Although this might change, at present ‘Putin’s New Course’ is neither new nor a course. It consists of setting free the dependents and beneficiaries of the regime to allow them to persecute their enemies with less restraint than before. The overwhelming sense in Moscow is of drift, of no real decisions being made, of repeated improvisations.
Recent initiatives reveal a painful absence of ideas. Old chestnuts are being recycled from the bottom of the Soviet barrel. The ‘Hero of Labour’ medal is coming back along with Soviet-era fitness tests for youths. So are mandatory school uniforms. Policymakers apparently think the country’s most urgent problems are teenagers’ shabby attire and flabby bellies.
'Putin is trying to appeal to the mainstream inhabitants of the provinces, the millions of working and lower middle class Russians with traditional values. But he knows less and less about such people.'
In fact, children have been the centre of attention lately—perhaps because the adults have been proving harder to talk to. Never have Russian children been so actively protected. From American families who want to adopt them. From the ‘pro-homosexual propaganda’ with which gay activists supposedly planned to plaster the country. From those strange Moscow protesters with their white ribbons that look like condoms.
Then there is that chestnut of chestnuts the Popular Front—hardly popular, certainly a front. Under its umbrella the same dependents and beneficiaries are already gathering, united by opportunism and mutual dislike. No one in the Kremlin seems to remember what happened the last time this idea was put into service. The various Popular Fronts in Support of Perestroika started out in the late 1980s pretending to back Gorbachev and his regime. Within a couple of years, they were tearing it apart.
All this just makes the President look increasingly out of touch. He is trying to appeal to the mainstream inhabitants of the provinces, the millions of working and lower middle class Russians with traditional values. But he knows less and less about such people. He attacks the pro-Western, celebrity-obsessed, angry urbanites in breaks between entertaining Gerard Depardieu and Steven Seagal.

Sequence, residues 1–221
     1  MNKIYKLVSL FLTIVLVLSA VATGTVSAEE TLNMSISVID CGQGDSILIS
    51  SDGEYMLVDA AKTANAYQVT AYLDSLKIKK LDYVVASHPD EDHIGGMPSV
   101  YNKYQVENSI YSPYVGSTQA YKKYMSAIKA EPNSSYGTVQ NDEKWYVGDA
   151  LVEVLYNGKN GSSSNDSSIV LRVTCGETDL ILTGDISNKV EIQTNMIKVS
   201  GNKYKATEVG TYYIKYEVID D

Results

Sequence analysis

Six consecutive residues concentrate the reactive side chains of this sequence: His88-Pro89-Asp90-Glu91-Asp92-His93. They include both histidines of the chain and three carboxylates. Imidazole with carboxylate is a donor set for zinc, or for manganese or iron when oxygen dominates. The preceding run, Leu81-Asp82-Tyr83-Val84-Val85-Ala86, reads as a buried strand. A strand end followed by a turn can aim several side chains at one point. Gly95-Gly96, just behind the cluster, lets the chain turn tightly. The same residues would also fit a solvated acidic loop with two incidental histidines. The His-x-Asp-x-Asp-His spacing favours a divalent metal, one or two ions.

'Honour and glory to heroes of labour': Putin's reinstatement of the Soviet-era awards has bewildered many progressive Russians.
Putin’s political team is feeling confident. The protest wave that shocked everyone with its scale in December 2011 has since dwindled. Such ups and downs are actually quite common in the last years of authoritarian regimes. Transitions have a wave-like shape. But Kremlin advisors see the decline as vindicating their tactics of the last year—divide and conquer, minor concessions (which may actually help the incumbents, e.g. the return of single member districts to Duma elections), and what some have taken to calling ‘velvet repression’—harassment of NGOs, along with drawn out investigations, searches, arrests, and trials of a few members of the opposition.
Now a key decision looms. Perhaps it has been made already. If Aleksei Navalny is convicted and jailed in the Kirovles case, this may or may not set off mass demonstrations immediately. But it will dramatically accelerate the corrosion of the regime. It will turn a charismatic blogger into a genuine hero, the victim of a bullying state. It will hasten splits within the Kremlin itself, alienating the remaining technocratic wing. It will deepen the growing cultural gap between Russia and the West. The resulting media storm will unnerve investors.
Another key characteristic of
authoritarian regimes in their last years is a tendency to make unforced
mistakes, a consequence of the information bubble that comes to surround the
decisionmaker-in-chief. The Kremlin may be about to make a big one.